The study was supported by the Estonian Environmental Research Center with the project: Implementation of biomonitoring among population exposed to the oil shale sector (workers and residents), preliminary study—Identification of biomarkers. HO's work was supported by the Estonian Ministry of Education and Research, grant IUT34-17. The open access publication was supported by Umea University. This initiative has also been part of the EU-Cost Action, CA 15129 (DiMoPEx). The Cost action was supported by the EU Framework Program Horizon 2020.

Conflict of Interest

The authors declare that the research was conducted in the absence of any commercial or financial relationships that could be construed as a potential conflict of interest.


We would like to express the gratitude to the family of Prof. R. Silla for bringing his original, largely unpublished, materials to Estonian Health Board.


1. Martuzzi M, Pasetto R, Martin-Olmedo P. Industrially contaminated sites and health. J Environ Public Health. (2014) 2014:198574. doi: 10.1155/2014/198574

PubMed Abstract | CrossRef Full Text | Google Scholar

2. WHO. Contaminated Sites and Health. Copenhagen: WHO Regional Office for Europe (2012).

Google Scholar

3. WHO. Review of Evidence on Health Aspects of Air Pollution-REVIHAAP Project: Technical Report. Copenhagen: WHO Regional Office for Europe (2013).

PubMed Abstract | Google Scholar

4. Orru H, Idavain J, Pindus M, Orru K, Kesanurm K, Lang A, et al. Residents' self-reported health effects and annoyance in relation to air pollution exposure in an industrial area in Eastern-Estonia. Int J Environ Res Public Health. (2018) 15:252. doi: 10.3390/ijerph15020252

PubMed Abstract | CrossRef Full Text | Google Scholar

5. Idavain J, Julge K, Rebane T, Lang A, Orru H. Respiratory symptoms, asthma and levels of fractional exhaled nitric oxide in schoolchildren in the industrial areas of Estonia. Sci Total Environ. (2019) 650(Pt 1):65–72. doi: 10.1016/j.scitotenv.2018.08.391

PubMed Abstract | CrossRef Full Text | Google Scholar

6. Orru H, Triin V, Julge K, Aidla K, Albrecht L, Idavain J, et al. Metoodika Väljatöötamine ja Rakendamine Välisõhuseisundi Ning Lapseea Astma ja Teiste Allergiahaiguste Vaheliste Seoste Leidmiseks Põlevkivitööstusest Mõjutatud Aladel–METRAK. Tartu; Tallinn: Tartu Ülikool, Eesti Keskkonnauuringute Keskus, Terviseamet (2019).

7. Idavain J, Lang K, Tomasova J, Lang A, Orru H. Cancer incidence trends in the oil shale industrial region in Estonia. Int J Environ Res Public Health. (2020) 17:3833. doi: 10.3390/ijerph17113833

PubMed Abstract | CrossRef Full Text | Google Scholar

8. Barrett JC, Vainio H, Peakall D, Goldstein BD. 12th meeting of the scientific group on methodologies for the safety evaluation of chemicals: susceptibility to environmental hazards. Environ Health Perspect. (1997) 105(Suppl. 4):699–737. doi: 10.1289/ehp.97105s4699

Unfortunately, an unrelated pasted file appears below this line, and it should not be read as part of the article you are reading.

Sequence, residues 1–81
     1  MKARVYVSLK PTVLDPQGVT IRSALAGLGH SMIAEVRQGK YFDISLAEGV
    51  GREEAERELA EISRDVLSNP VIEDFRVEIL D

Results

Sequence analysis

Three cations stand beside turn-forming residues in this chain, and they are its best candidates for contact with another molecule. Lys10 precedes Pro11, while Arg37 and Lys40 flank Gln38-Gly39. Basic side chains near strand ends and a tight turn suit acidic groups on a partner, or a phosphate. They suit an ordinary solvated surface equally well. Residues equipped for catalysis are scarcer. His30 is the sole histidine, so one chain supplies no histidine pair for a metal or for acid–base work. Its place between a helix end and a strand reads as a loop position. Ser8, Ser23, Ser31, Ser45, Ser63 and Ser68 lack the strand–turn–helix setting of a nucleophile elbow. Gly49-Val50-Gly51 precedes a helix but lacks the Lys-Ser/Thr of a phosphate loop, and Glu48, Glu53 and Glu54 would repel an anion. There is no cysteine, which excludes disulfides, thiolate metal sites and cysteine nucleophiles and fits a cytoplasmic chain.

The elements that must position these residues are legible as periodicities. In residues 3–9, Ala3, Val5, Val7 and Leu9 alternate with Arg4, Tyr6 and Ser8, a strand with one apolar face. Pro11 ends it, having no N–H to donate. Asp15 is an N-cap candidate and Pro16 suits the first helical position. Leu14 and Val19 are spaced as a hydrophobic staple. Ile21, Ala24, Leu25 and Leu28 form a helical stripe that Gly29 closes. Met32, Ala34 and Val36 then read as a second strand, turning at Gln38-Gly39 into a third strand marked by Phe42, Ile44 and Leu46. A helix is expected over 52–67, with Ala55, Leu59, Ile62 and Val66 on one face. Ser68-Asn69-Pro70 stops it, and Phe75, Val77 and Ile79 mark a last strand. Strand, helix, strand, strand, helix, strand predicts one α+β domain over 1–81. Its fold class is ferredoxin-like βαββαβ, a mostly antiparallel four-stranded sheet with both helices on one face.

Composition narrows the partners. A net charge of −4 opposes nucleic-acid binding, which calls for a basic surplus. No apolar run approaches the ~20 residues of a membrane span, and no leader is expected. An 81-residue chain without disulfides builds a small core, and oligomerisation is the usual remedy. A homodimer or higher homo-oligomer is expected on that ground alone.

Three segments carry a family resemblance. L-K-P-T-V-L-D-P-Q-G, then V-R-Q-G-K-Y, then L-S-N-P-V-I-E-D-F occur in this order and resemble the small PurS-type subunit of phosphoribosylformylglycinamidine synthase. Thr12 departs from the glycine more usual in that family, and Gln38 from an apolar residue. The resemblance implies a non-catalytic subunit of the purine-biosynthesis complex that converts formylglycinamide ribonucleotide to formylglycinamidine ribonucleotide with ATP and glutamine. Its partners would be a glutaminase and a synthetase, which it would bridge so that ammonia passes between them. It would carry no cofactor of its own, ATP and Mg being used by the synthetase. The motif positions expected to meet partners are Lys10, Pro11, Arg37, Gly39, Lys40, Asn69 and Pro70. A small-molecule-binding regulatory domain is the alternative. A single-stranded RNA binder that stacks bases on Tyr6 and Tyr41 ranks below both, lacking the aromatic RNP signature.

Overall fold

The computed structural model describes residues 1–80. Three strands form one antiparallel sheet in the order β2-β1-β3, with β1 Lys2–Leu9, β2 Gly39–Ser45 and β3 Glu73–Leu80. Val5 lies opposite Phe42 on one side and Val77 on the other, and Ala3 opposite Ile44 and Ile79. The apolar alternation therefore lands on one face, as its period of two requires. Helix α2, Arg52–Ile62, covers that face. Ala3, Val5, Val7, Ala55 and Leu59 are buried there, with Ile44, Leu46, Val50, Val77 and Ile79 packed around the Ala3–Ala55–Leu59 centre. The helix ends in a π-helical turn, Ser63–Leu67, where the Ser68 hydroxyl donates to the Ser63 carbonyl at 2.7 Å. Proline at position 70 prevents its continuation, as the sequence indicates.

PubMed Abstract | CrossRef Full Text | Google Scholar

9. WHO. Human Biomonitoring: Facts and Figures. Copenhagen: WHO Regional Office for Europe (2005).

Google Scholar

10. Sexton K, Needham L, Pirkle J. Human biomonitoring of environmental chemicals: measuring chemicals in human tissues is the “gold standard” for assessing people's exposure to pollution. Am Sci. (2004) 92:38–45. doi: 10.1511/2004.45.921

CrossRef Full Text | Google Scholar

11. Angerer J, Ewers U, Wilhelm M. Human biomonitoring: state of the art. Int J Hyg Environ Health. (2007) 210:201–28. doi: 10.1016/j.ijheh.2007.01.024

PubMed Abstract | CrossRef Full Text | Google Scholar

12. WHO. Biomonitoring-Based Indicators of Exposure to Chemical Pollutants. Copenhagen: WHO Regional Office for Europe (2012).

PubMed Abstract | Google Scholar

13. Bonassi S, Coskun E, Ceppi M, Lando C, Bolognesi C, Burgaz S, et al. The HUman MicroNucleus project on eXfoLiated buccal cells (HUMN(XL)): the role of life-style, host factors, occupational exposures, health status, assay protocol. Mutat Res. (2011) 728:88–97. doi: 10.1016/j.mrrev.2011.06.005

PubMed Abstract | CrossRef Full Text | Google Scholar

14. Ladeira C, Viegas S. Human biomonitoring–an overview on biomarkers and their application in occupational and environmental health. Biomonitoring. (2016) 3:15–24. doi: 10.1515/bimo-2016-0003

CrossRef Full Text

15. Dorne JL, Amzal B, Bois F, Crépet A, Tressou J, Verger P. Population effects and variability. Methods Mol Biol. (2012) 929:521–81. doi: 10.1007/978-1-62703-050-2_20

PubMed Abstract | CrossRef Full Text | Google Scholar